A military officer must choose between her sworn duty or her rebellious blood ties.
Remy Belieux, a woman born into a life of servitude on a repressive factory planet, is desperate for a different life. When she's accepted into the Space Service Academy, run by the organization that enslaves her planet, she discovers the truth behind generations of rebellion. Now, she must decide what to believe, where her ultimate duty lies, and fight for more than her life against impossible odds.
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One day, Remy spotted a small ship where it had no good reason to be. “Sir, we have a blip heading toward the planet. Its course isn’t on the prescribed jump route within this planetary system.”
Captain Micah glanced at Remy, then spoke to the communications officer. “Hail the ship.” The radioman worked for a few seconds. “I can’t locate their frequency, sir.”
The Captain stared through the view screen at the rapidly receding ship. “Try a broad-range hail. Tell them to stand down.” He glanced toward the communications station. “Any luck?”
“No, sir. I don’t think they have their ears on, at least in the usual frequencies.”
The ship shot away from the Excalibur and Remy tracked its course. “It’s heading for that planet. It’s not classified as habitable.”
Captain Micah opened ship-wide communications. “Captain Micah here. Crew, go to battle stations. This is not a drill.” He looked at the pilot who punched in coordinates for a wide turn toward the fleeing ship.
Remy’s stomach tightened as the klaxon alarms alerted the entire ship to ready for attack. Disappointment replaced tension as she watched the ship reach the small planet and circle behind the lifeless orb. We’ve lost it!
“Coward should stay and fight,” grumbled an ensign near Remy. She glanced his way and hushed him, tilting her head toward the captain. “Pay attention.” The ensign’s cheeks flared in embarrassment.
“Ahead slow,” the captain ordered. “This could be a trap. Put us into high orbit and extend all scanners to maximum range and power.” Excalibur edged its way slowly around the airless planet thousands of kilometers below.
“I’ve got him, sir!” a crewman reported. “A single blip on the short-range scanner.”
Remy added the short-range display to a corner of her own screen and saw the flickering dot representing the fleeing ship. She grinned. “Gotcha!” But nothing else appeared in range. She hoped they might get some action now, even if only the capture of a small ship.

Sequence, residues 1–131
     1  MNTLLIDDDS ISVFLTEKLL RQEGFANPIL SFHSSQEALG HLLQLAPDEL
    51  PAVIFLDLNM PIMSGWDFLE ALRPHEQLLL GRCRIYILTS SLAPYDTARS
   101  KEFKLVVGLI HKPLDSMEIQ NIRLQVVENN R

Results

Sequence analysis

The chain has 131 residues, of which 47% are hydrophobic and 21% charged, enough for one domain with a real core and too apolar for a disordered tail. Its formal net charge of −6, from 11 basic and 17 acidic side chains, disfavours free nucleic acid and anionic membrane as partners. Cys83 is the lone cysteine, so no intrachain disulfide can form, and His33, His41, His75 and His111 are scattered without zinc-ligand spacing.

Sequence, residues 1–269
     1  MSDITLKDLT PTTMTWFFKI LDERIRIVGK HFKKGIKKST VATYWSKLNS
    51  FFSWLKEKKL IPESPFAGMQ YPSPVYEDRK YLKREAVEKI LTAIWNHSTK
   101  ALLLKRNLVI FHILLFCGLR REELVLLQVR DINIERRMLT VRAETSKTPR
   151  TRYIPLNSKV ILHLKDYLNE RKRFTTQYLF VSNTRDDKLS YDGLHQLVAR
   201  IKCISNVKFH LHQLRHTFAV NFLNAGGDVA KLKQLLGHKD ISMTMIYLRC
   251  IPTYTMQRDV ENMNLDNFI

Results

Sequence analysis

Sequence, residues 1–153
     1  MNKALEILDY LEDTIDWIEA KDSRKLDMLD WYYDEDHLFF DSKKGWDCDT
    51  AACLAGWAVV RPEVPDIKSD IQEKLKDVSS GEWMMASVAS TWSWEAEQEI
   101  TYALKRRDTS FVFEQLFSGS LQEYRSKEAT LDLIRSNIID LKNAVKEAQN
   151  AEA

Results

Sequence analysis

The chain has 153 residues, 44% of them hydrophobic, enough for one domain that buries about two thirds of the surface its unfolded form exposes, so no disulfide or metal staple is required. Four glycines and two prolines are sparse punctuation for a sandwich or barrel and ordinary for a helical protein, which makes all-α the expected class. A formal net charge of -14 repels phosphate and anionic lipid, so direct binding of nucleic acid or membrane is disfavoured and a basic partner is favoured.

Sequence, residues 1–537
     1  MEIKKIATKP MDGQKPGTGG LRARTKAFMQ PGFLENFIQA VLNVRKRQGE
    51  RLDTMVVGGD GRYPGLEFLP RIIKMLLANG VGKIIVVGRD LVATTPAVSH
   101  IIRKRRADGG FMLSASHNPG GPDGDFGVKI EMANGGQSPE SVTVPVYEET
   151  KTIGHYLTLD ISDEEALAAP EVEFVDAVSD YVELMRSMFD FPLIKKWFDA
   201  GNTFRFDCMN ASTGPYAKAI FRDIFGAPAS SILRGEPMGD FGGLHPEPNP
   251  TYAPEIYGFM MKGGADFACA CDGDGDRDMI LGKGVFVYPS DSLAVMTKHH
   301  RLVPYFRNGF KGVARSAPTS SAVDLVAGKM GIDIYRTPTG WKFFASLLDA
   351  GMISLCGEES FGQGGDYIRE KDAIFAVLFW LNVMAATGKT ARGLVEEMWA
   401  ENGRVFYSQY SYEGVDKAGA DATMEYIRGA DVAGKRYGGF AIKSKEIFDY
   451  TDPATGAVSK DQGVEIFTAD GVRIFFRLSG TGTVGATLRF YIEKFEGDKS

“All right. Take us in slow,” the captain replied. The pilot cut back power and brought the ship around to the planet’s far side. The small ship came into view, hovering in a stationary orbit.
“Hail them.” Again, the ship didn’t respond, and the captain gestured to the pilot to move in. Remy turned her scanners toward the planet surface, searching for any activity. Seeing nothing, she switched to thermal scan. Out of nowhere a red-hot dot appeared on the screen, then another. “Captain, I’m getting heat signatures moving near the surface.”
Captain Micah glanced her way, not expecting to hear from the long-range scanning console. “What do you have, Lieutenant?”
“Ten, no, twelve, maybe more heat signatures. Nothing bigger than a cutter, and they’re all in motion. It looks like they’re coming out of a fissure. I don’t detect any structures.”
Remy feared her warning came too late to do any good. Excalibur was fast, once it got moving but, like most ships its size, not very maneuverable this close to a planet.
The smaller ships exploded from the surface. Too fast for normal takeoff velocity, the tiny vessels clearly had a lot of extra power. It was a dangerous move since it’d be easy to lose control traveling way over the limits for the small ships. But it worked.
Some attackers split to flank the cruiser on both sides. Two of them took station above and two below the ship, while two more moved to the stern, effectively surrounding the cruiser. The engineers had designed Excalibur, like most ships in its class, as a pursuit ship, with most of its weapons aimed forward. They could only fire on the ships facing them until the gunners brought the smaller, less effective peripheral weaponry to bear.
Captain Micah glanced at his display. “Weapons, recalibrate for port and starboard, max angle. Fire at will.”
The bridge crew cheered when a burst of laser fire destroyed one of the ships. Metallic fragments drifted outward from the single brief flash of the exploding drive.
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